Mixed Heritage Awareness Week (MHAW) gives mixed heritage students the space to share and raise awareness about their mixed heritage identities and experiences. According to Camila McGinley ’23, board member of MOSAIC, Andover’s Mixed Heritage Affinity Group, this year’s MHAW will be celebrated on campus with speakers, movies, and open discussions.
“We hope that MHAW allows mixed heritage students the space to share their experience and raise awareness about the mixed heritage identities and experiences. We want this week to give mixed students the space to celebrate their identity while also giving mixed and non mixed students the chance to learn more about what it means to be mixed heritage,” said McGinley.
MOSAIC plans to celebrate MHAW through a variety of campus activities, including a dinner plan selected by MOSAIC and screenings of Netflix’s “To All the Boys I’ve Loved Before” in addition to the 2019 sitcom “Mixed-ish.” The variety of MHAW events creates greater opportunity for Andover students to engage with MOSAIC’s scheduled programming, according to Christine Michael ’22, board member of MOSAIC.
“Because last year was online, we only really were able to get the photo essay out to the entire community. But this year will be hopefully really awesome, since we can engage more with the Andover community in person,” said Michael.
Michael continued, “I’m excited to have more events [that] are open to the entire community that hopefully, if people are bored on Friday night, [they will be] like, ‘Oh, maybe I’ll go watch this movie, maybe I’ll go to this MOSAIC meeting.’ I’m really excited for this huge jump from being totally virtual last year to having a bunch of in person activities.”
MOSAIC also plans to run open discussions regarding personal mixed heritage experiences at Andover. One will be led by MOSAIC and two others by this year’s MHAW All School Meeting speaker, Julie Lythcott-Haims. Lythcott-Haims is “The New York Times” bestselling author whose written works including “How to Raise an Adult,” “Your Turn: How to Be an Adult,” and “Real American,” a memoir about her experience as a Black and biracial person in white spaces. According to Angie Ceballos Cardona ’25, a member of MOSAIC, Lythcott-Haims’ writing highlights how people need to both share and listen for stories to be heard.
“I’ve read ‘Real American.’ It’s a great book and I think [Lythcott-Haims’s] speech is going to be really impactful. I really hope that people take the time to listen because that’s all we need. We need to not just share our experiences, but for people to really listen and try to understand,” said Ceballos Cardona.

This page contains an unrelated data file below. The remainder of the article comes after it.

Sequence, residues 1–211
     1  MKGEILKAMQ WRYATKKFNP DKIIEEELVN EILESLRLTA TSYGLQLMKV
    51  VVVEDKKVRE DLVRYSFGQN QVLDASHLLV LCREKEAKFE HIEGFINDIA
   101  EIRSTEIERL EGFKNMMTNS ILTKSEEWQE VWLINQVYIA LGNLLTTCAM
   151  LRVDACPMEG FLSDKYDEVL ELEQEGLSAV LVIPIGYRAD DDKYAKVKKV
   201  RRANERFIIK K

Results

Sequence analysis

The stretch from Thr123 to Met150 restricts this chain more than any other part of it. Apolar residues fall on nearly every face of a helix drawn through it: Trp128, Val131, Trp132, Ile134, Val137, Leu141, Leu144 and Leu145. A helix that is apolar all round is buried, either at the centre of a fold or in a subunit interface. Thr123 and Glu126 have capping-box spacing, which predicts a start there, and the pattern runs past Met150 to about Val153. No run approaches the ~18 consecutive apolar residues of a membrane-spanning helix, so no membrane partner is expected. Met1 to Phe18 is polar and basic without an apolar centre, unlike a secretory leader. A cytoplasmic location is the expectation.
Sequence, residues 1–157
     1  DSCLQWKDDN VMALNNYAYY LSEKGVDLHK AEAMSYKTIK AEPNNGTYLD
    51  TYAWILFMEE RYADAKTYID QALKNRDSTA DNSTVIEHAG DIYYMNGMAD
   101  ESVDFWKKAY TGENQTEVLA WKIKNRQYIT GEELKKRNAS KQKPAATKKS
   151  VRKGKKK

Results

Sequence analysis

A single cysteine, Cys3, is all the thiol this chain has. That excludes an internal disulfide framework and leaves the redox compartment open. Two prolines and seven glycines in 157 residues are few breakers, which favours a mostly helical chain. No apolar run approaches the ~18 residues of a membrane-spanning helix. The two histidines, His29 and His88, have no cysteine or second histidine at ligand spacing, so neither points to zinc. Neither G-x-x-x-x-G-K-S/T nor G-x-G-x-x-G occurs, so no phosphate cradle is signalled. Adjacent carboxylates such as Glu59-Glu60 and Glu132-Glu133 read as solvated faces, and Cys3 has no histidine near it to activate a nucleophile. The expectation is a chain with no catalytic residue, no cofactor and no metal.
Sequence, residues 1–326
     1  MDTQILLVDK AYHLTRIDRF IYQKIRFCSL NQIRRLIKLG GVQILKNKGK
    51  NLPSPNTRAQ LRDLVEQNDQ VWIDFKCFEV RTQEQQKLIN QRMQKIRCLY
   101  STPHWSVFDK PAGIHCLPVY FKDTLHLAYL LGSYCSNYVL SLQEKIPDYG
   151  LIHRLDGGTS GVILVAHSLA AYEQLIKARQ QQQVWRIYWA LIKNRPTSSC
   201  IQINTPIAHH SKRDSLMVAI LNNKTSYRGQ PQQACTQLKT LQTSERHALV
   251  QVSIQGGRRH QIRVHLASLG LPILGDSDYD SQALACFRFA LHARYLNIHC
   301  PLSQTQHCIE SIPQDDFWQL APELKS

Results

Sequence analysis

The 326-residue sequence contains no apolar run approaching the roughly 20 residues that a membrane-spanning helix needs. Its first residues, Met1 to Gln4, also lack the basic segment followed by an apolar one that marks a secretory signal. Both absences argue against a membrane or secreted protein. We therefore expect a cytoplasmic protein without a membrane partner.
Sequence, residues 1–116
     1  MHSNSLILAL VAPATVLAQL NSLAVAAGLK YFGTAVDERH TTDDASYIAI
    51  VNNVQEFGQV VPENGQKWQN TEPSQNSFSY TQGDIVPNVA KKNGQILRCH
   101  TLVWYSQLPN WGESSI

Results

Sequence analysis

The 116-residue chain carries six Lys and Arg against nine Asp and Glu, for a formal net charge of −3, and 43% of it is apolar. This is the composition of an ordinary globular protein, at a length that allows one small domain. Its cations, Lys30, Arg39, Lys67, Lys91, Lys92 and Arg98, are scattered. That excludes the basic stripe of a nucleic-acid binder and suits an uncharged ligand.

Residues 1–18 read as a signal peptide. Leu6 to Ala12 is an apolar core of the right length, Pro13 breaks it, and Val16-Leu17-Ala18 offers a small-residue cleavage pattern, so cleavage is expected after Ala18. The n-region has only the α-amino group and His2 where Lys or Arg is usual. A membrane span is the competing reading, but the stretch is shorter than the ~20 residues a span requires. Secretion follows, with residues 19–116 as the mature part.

Isaac Heitmann ’22 shared this sentiment, noting how the discussions hosted around mixed heritage allow for greater understanding of life at Andover as a student of mixed heritage. Heitmann believes that hearing new perspectives emphasizes a place of growth in the Andover community.
“I think what stands to me the most is definitely the discussion aspect because I think that mixed heritage awareness is very underdiscussed. You really don’t hear about it that much, and I think that when you have discussions, you suddenly hear a lot of perspectives, and I think that is what is needed: a wide range of voices and perspectives to get those experiences out there,” said Heitmann.
MOSAIC will also continue the photo essay activity from last year’s MHAW, which students can add to throughout the week. According to Heitmann, its placement in the Oliver Wendell Holmes Library (OWHL) is helpful for spreading the stories in the photo essays posted by students. McGinley shares how the impacts of activities like the photo essay can leave lasting impacts on the Andover community.
“For me, I remember meeting other mixed students in my grade because I did the photo essay my freshman year. Also, I think it helps the Andover community become more aware about mixed heritage students and faculty and our experiences,” said McGinley.
Ceballos Cardona echoed this sentiment, sharing her beliefs over the importance of telling the stories of those with mixed heritage. Ceballos Cardona believes that raising awareness about mixed heritage experiences is important for Andover as it evolves into a more anti-racist community.
“I think sharing your experiences as a mixed heritage person, or as a person of color in general, is really important, especially here at Andover, where we are aware that racism occurs and that it’s a part of our daily lives. It’s really important to get that perspective out there and keep pushing it because that’s the only way we’ll get change and move forward with the anti-racism movement we’re trying to do at Andover,” said Ceballos Cardona.
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